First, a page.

existing firm’s operations and niche compared to expanding on its own.
Acquisitions are often paid in cash, the acquiring company’s stock or a
combination of both.

The following are the types
of Acquisition:?

Stock Purchase – The acquirer buys the seller’s stocks from shareholders, all
assets and liabilities and off-balance sheet items as well. Book values are used
for valuation of assets and liabilities, which can be modified as well for any
step-ups or step-downs. This type of acquisition is inexpensive and quick to
execute; it is mostly preferred by the seller and is popularly used for
acquiring public or large companies.

Asset Purchase – Here, the buyer gets to choose the assets he wants to acquire
and liabilities that he wants to assume; these have to be clearly defined in
the purchase agreement. In asset purchase, every single asset / liability must
be valued separately before the transfer takes place; this makes the process
complex as well as time- consuming. Asset purchase gives the buyer greater
flexibility to choose, therefore it is preferred by the acquirer. Private
companies commonly use this kind of acquisition and it’s also used for
divestitures and distressed sales.

 

 

 

Why Companies Merge and
Acquire

There are numerous reasons
why one company chooses to merge with or acquire another. The rationales
consist of the higher-level reasoning that represents decision conditions under
which a decision to merge could be made. Drivers are mid-level specific (often
operational) influences that contribute towards the justification or otherwise
for a merger. As an example, company A might decide to acquire company B. The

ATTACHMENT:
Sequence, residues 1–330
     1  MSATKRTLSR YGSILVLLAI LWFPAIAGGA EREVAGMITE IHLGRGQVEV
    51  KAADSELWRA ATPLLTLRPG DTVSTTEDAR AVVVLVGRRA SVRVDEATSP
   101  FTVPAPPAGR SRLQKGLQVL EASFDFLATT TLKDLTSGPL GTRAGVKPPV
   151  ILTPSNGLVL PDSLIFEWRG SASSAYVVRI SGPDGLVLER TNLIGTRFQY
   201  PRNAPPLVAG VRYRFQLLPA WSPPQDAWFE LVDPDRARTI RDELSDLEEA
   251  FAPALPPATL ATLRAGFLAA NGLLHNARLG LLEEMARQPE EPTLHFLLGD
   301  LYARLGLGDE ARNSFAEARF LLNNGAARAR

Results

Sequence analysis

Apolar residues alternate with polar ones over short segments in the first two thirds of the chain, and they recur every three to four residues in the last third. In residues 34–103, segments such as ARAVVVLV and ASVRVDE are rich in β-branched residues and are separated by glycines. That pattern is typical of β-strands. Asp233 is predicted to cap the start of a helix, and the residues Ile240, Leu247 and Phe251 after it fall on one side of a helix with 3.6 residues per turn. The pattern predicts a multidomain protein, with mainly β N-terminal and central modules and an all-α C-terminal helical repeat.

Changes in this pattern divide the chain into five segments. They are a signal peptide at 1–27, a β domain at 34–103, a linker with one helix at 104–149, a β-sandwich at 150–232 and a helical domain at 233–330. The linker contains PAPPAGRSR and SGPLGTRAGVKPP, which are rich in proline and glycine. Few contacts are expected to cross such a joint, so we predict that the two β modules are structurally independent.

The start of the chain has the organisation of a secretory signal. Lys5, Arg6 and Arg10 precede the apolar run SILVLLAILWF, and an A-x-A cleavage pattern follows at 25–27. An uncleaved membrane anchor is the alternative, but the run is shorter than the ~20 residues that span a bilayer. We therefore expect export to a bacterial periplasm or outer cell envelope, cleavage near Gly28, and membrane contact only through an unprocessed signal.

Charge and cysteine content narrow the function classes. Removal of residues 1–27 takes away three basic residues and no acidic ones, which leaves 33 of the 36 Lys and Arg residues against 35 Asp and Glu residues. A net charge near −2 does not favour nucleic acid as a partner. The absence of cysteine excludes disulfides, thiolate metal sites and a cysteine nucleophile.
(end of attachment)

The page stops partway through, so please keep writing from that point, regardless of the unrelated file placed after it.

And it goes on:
underlying rationale could be that of strategy implementation. In order to
achieve one or more strategic objectives, it may be necessary for company A to
acquire company B because, at present, there is over-capacity in the sector in
which company A and company B operate. This is an example of a strategic
rationale. The underlying driver for acquiring company B is the desire to
control capacity in that sector.

An understanding of the
various rationales and drivers behind mergers and acquisitions is very
important in developing command of this text.

Some Underlying Rationales:

There are several primary
rationales that determine the nature of a proposed merger or acquisition. These
rationales are:

Strategic rationale – The strategic rationale
makes use of the merger or acquisition in achieving a set of strategic
objectives. Mergers and acquisitions are usually not central in the achievement
of strategic objectives, and there are usually other alternatives available.
For example, company A might want to gain a foothold in a lucrative new
expanding market but lacks any experience or expertise in the area. One way of
overcoming this may be to acquire a company that already has a track record of
success in the new market. The alternative might be to develop a research and
development division in the new market products in an attempt to catch up and
overtake the more established players.

This alternative choice has